Written by: Fred Underwood
We had moved into an apartment in the old BOQ at Terminal. I think that Mom took me to school the next day. The only thing that I remember from that day was meeting Coach Red Rutledge in the Principal’s office and again in my typing class (the most useful course I took in High School). I had been in the typing class for maybe two months, and during my time trials, I was typing about 35 words per minute. You should note that for each error, we took five keystrokes off of our score. At about this time, Coach Rutledge told us that he was changing the scoring rules. From that date forth, for each error, we had to subtract five words (25 keystrokes). On the next trial, I did the equivalent of taking 25 words a minute off a blank sheet of paper. I got a lot better as time went by.
Our physics teacher, Coach Patterson, took us out to a country road. We had at least one stopwatch. We got out, and Coach Patterson drove one mile down the road. He got out of the car and got our attention by waving at us. When we were all ready, he fired the shotgun. We started the stopwatch when we saw the smoke come out of the barrel and stopped it when we heard the bang. We had measured the speed of sound.
By changing schools, David Laverty, Guy Vanderpool, and I had lost one year of football eligibility. Therefore we practiced and played with the Junior Varsity team during the 1949 season.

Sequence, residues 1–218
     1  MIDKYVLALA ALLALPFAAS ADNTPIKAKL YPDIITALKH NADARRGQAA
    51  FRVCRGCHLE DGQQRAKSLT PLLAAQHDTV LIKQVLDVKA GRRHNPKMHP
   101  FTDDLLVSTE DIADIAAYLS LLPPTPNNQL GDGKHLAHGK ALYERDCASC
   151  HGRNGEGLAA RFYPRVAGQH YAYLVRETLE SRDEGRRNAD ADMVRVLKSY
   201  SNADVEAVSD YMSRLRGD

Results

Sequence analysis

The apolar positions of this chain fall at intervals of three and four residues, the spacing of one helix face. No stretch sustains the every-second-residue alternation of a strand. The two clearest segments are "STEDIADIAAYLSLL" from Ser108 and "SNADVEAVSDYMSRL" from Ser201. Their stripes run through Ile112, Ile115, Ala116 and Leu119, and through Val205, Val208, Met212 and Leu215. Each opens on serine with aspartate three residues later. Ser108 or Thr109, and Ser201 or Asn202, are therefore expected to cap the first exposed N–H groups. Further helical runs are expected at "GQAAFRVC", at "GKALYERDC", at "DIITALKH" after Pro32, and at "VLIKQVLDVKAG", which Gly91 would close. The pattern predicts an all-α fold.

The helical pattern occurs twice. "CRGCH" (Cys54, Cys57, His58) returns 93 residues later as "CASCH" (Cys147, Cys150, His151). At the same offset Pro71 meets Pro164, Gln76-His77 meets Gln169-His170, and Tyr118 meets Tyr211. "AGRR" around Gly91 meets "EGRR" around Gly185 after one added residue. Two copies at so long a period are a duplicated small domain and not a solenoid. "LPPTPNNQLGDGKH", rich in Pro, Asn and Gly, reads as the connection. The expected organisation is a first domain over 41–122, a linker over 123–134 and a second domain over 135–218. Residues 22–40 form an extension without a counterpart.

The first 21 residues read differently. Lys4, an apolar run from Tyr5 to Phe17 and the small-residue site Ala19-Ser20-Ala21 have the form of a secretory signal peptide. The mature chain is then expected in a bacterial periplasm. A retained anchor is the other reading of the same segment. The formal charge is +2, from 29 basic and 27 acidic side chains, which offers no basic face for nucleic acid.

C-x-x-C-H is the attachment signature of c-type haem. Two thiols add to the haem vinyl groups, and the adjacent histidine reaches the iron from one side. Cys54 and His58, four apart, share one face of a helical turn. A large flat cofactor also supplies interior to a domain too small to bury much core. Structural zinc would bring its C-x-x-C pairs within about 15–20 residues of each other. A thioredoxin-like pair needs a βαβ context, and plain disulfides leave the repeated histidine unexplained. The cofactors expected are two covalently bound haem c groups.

On the 8th of October 1949, I became 16 years old and eligible for a Texas Drivers license. I went to the courthouse the first Saturday after my birthday. I aced the written exam, and then we started the driving test. I managed to get through the entire test, and the examiner told me that I had failed for many minor reasons. The next Saturday, the examiner and I got into the car and began the test. At the first corner, he said: “Turn Right.” I did, at the next corner and the next, and the next, he repeated: “Turn Right.” When we got to our starting point, he said: “Park.” He said: “you failed the test because you failed to yield the right of way on the first turn.” I wanted to spend some time in town sop Mom dropped me off, and I had to hitch-hike back to Terminal. A group of us were in the city park on west Wall Street. About 2:30 PM, I decided it was time for me to start my trip home to Terminal. About the third car, I thumbed stopped. I noticed something peculiar going on as he stopped. His window had opened, and his left arm was outside hanging down in the sign for stopping. It was the officer who had examined me that morning. For the next ten miles, he did everything right by the book. The following Saturday, I received my license without any comments.
I don’t recall anything else of significance for the rest of the school year.
During the summer, I got a job at the Washateria. I didn’t know what I was supposed to do. I did what I was told to do, nothing more, nothing less. After two weeks, I was told don’t bother to come back. Apparently, it was easier to do what they wanted me to do than to spend all day supervising my every action. I didn’t know that I had learned a powerful message until many years later.